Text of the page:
Fatigue in the Arab World with the Palestine Issue – Amir Taheri
Prominent Arab writer Walid Abimerchid, in his latest newspaper column, described a ”growing fatigue with the whole Palestine issue.” For the first time in decades, Palestine has been shut out of the news in favor of Syria, ISIS, sectarian wars and the growing aggressiveness of Iran.
As Jordanian businessman Abu Furas noted: ”Today, no Arab feels safe in his country. Ironically, the sole exceptions are Palestinians in the West Bank because they know Israel will defend them if ISIS attacks. Even in Gaza, most people secretly believe that Israel is their ultimate protection against ISIS fighters trying to strike roots in the Sinai.”
Eyad Abuchaqra, a prominent Lebanese commentator and TV personality, citing reasons for dwindling interest in the Palestinian issue, says, ”Arabs realize that there are many other issues that affect their lives, indeed their existence.” (New York Post)
The Arab World’s Anti-Israel Front Is Crumbling – Moshe Arens
Hostility to Israel has been the one unifying factor in the Arab and Muslim world. Israel’s existence was endangered in 1948, 1967, and 1973 by the combined attacks of Arab armies, which enjoyed the support of the entire Muslim world.
But there is a change in the wind. For some Arab rulers greater enemies than Israel have appeared in recent years. Iran, reaching out for nuclear weapons, al-Qaeda, the Islamic State, Hamas, and assorted Arab terrorist groups, are aiming for the jugular of the ruling classes in Saudi Arabia, Jordan, and Egypt. They are a mortal danger to them, the kind of danger that Israel never constituted. In the eyes of these Arab rulers Israel is beginning to look not like an enemy, but rather like a potential ally.
The Saudi ruling class is likely to be the first in line to be toppled as Iranian influence grows. As armed Islamic State terrorist gangs are knocking on Jordan’s door, it is not hard to guess whose head is going to be severed first if they succeed in reaching Amman. Egypt is beset by Islamic terrorists in Sinai and in the streets of Cairo, where ruler Abdel-Fattah al-Sisi has declared all-out war against them. Israel has enemies in the Middle East, but it is also gaining friends. The writer served as Israel’s Minister of Defense three times and once as Minister of Foreign Affairs. (Ha’aretz)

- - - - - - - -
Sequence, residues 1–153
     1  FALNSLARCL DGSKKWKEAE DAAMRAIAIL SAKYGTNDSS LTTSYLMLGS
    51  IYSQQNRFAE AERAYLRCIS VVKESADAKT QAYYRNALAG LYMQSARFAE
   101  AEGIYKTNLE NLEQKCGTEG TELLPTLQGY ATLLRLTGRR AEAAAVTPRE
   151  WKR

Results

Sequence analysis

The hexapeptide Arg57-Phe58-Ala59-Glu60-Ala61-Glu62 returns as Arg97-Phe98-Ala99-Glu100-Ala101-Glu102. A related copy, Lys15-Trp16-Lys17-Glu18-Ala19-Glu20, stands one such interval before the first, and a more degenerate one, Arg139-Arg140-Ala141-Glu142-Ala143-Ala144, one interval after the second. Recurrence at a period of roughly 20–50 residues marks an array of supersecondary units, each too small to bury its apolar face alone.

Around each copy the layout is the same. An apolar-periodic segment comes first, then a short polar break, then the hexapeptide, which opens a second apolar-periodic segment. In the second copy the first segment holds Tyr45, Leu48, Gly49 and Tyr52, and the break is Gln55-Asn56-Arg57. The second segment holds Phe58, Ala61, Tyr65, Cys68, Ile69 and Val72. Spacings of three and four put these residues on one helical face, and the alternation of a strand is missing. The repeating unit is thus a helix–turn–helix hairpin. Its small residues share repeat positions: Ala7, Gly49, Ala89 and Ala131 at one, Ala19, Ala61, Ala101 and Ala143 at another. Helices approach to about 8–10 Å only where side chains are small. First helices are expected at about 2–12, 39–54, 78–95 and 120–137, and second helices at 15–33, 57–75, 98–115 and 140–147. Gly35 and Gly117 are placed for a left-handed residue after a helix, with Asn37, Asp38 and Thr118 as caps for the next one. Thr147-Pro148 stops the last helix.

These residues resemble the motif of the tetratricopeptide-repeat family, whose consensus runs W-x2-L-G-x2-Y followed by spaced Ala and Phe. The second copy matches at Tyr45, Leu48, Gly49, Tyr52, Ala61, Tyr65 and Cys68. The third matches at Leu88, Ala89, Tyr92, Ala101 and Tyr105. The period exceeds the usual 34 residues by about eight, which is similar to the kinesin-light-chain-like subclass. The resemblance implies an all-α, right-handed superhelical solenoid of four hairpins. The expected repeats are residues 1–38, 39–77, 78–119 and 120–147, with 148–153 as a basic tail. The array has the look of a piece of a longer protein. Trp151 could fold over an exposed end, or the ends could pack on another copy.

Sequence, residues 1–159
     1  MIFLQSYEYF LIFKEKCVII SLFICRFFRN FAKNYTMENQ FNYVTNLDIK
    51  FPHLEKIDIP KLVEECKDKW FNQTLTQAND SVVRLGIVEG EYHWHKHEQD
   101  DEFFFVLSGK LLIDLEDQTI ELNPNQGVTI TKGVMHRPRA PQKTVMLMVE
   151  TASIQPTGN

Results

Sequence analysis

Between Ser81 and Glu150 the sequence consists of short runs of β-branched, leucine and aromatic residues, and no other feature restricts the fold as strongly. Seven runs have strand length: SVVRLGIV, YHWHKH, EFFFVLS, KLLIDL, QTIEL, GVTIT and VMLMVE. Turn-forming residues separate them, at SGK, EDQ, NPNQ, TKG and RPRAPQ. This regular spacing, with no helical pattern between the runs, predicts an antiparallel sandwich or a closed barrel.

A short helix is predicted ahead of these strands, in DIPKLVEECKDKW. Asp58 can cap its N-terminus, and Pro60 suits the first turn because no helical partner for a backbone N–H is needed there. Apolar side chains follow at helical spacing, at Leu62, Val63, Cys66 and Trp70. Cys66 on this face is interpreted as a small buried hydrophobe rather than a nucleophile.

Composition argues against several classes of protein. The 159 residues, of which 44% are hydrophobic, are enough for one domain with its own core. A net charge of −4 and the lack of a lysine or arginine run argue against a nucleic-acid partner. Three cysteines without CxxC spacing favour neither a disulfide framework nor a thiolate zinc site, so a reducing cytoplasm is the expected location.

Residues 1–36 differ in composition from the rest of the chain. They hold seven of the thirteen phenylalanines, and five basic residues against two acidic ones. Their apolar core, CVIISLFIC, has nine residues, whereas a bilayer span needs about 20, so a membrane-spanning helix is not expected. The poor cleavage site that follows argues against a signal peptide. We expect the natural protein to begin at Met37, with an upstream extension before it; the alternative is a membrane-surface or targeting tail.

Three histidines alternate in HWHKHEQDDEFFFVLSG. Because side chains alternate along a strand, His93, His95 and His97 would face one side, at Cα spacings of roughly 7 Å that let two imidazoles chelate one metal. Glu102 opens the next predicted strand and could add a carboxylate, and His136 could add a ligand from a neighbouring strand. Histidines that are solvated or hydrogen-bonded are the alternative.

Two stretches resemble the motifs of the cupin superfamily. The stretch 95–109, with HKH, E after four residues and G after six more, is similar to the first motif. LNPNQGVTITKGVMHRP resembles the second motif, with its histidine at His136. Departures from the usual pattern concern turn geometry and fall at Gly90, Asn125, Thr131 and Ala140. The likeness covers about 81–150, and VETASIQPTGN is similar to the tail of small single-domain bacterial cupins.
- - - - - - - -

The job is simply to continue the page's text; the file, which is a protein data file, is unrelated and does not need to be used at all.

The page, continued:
Why Palestinians Cannot Make Peace with Israel – Khaled Abu Toameh
Palestinians will not sign a real and meaningful peace agreement with Israel in the foreseeable future because of a total lack of education for peace, as well as the absence of a leader who is authorized to embark on such a mission. Americans and Europeans who keep talking about the need to revive the stalled peace process in the Middle East continue to ignore these two factors.
Indeed, the Palestinian leadership has long been inciting its people against Israel to a point where it has become almost impossible to talk about any form of compromise with the Israelis. If you want to make peace with Israel, you do not tell your people that the Western Wall has no religious significance to Jews and is, in fact, holy Muslim property. You cannot make peace with Israel if you continue to deny Jewish history or links to the land. Any Palestinian who dares to talk about concessions to Israel is quickly denounced as a traitor. (Gatestone Institute)
Israeli Arabs: The Untold Story – Robert Cherry
Affirmative action policies for Israeli Arabs initiated under Ehud Olmert were accelerated during the Netanyahu administration. These included allocating funds for joint industrial parks in Arab and Jewish towns, subsidies that helped firms hire Arab labor, and expanded transportation infrastructure which allowed Arabs to reach employment sites.
In addition, the Israeli government developed a five-year plan for improving Arab education and established a special unit in the prime minister’s office to promote economic development in the Arab community. Despite the opposition of Palestinian nationalists, more and more Arab communities began to cooperate with government agencies. At the same time, educational and occupational initiatives began to improve the possibilities for Arab women. Labor participation rates for women 30-39 increased from 24% in 2005 to 34% in 2010.
These transformations also occurred in east Jerusalem, with investments in infrastructure and transportation, the building of schools, and a dramatic expansion of medical facilities. Today the health quality indices for east Jerusalem are the same as for west Jerusalem.
Between 2005 and 2011, inflation-adjusted Arab net family income increased by 7.4%. The number of Arabs employed in government civil service rose from 2,800 in 2003 to 5,000 in 2011 – an increase of 78%, in comparison to a 12% increase in the number of Jewish workers during the same period. The share of Israeli Arabs who were ”very satisfied” with their economic conditions rose from 40% in 2004-5 to 60% in 2010-11. The writer is a professor of economics at Brooklyn College and CUNY Graduate Center. (Mida)